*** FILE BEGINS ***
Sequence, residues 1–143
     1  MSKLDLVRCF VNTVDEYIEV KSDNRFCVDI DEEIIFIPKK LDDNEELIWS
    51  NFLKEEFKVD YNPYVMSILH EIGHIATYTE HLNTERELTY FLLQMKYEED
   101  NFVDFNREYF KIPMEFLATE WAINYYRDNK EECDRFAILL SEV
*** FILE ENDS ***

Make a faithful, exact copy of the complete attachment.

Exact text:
Sequence, residues 1–143
     1  MSKLDLVRCF VNTVDEYIEV KSDNRFCVDI DEEIIFIPKK LDDNEELIWS
    51  NFLKEEFKVD YNPYVMSILH EIGHIATYTE HLNTERELTY FLLQMKYEED
   101  NFVDFNREYF KIPMEFLATE WAINYYRDNK EECDRFAILL SEV